I read Into the Wild around the time the movie came out. I can’t remember if I read it first or saw the movie first, but in any case, both had a pretty big impact on me. I was fortunate enough to teach excerpts as well during a unit on transcendentalism. I had the students read the excerpts alongside excerpts from Walden, comparing and contrasting the thoughts and ideas each presented. Obviously, the ideas were a bit different since Walden is a first-person account and Into the Wild is told about the author, rather than the author’s own words, but Jon Krakauer was also an outdoorsman who presented the Chris McCandless’s ideas seamlessly.
The Wild Truth is the other side of the story from Chris’s sister’s perspective. Carine discusses their rocky childhood. Their father was married to another woman when he had children with Chris and Carine’s mother. They have a slew of half-siblings. Their parents eventually married, but life wasn’t easy. They were verbally abused on a daily basis from both parents. Carine explains why this information wasn’t included in Into the Wild. She told Krakauer the entire story but was always hopeful for reconciliation with her parents, so she asked him to gloss over the terrible childhood. When she felt she couldn’t keep quiet any longer, she published her own story.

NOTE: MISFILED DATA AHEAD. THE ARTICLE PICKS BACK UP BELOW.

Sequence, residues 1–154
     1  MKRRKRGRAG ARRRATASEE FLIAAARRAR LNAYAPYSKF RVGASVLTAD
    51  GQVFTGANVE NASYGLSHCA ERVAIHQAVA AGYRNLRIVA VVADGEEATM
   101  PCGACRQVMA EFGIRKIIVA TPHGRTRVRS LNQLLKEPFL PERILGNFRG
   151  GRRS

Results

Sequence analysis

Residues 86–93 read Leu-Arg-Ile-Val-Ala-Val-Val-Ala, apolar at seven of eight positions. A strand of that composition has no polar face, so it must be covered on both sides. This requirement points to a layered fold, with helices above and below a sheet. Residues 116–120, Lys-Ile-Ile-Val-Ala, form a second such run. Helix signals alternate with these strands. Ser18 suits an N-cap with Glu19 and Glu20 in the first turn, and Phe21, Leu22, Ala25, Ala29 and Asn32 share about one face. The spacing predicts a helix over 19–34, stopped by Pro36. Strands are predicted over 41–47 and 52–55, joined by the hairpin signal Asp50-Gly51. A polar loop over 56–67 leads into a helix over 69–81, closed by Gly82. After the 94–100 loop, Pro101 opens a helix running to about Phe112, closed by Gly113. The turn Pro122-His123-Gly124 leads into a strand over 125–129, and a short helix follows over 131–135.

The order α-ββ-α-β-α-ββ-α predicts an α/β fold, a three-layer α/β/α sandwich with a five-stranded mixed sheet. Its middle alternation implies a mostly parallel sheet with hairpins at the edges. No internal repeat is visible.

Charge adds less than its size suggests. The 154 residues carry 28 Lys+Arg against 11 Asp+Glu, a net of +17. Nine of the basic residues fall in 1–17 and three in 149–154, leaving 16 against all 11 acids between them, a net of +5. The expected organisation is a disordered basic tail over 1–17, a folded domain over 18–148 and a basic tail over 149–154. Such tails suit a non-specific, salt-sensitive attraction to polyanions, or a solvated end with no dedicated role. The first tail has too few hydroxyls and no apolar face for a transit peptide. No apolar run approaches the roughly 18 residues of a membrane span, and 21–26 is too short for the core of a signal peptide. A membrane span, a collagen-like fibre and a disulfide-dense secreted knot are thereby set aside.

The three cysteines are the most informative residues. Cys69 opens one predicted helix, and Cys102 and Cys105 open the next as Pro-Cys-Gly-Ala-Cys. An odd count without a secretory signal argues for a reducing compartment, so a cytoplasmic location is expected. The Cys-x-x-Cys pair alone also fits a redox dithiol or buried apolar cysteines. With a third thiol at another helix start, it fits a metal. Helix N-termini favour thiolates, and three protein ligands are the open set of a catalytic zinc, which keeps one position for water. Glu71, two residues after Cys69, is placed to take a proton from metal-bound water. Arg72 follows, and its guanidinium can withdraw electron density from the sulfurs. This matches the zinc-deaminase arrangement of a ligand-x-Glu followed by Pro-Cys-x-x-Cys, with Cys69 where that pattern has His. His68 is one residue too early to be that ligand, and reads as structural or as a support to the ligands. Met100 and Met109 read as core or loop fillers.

I can’t say I enjoyed this book, simply because it’s really painful to read about other people’s suffering. And I really didn’t see *why* this book needed to be published. I’m not saying Carine should have kept protecting her abusive parents, but this could easily have been told in a series of articles. Much of the book was about Carine and her life, which was fine, but not really all that interesting to me. She reiterated her love for Chris, which I fully believe (she named her daughter after him) and her half-siblings who were always there for her and Chris. As far as memoirs go, this one felt a bit unnecessary, but it was nice to revisit Chris and reminisce on the impact he had in the world.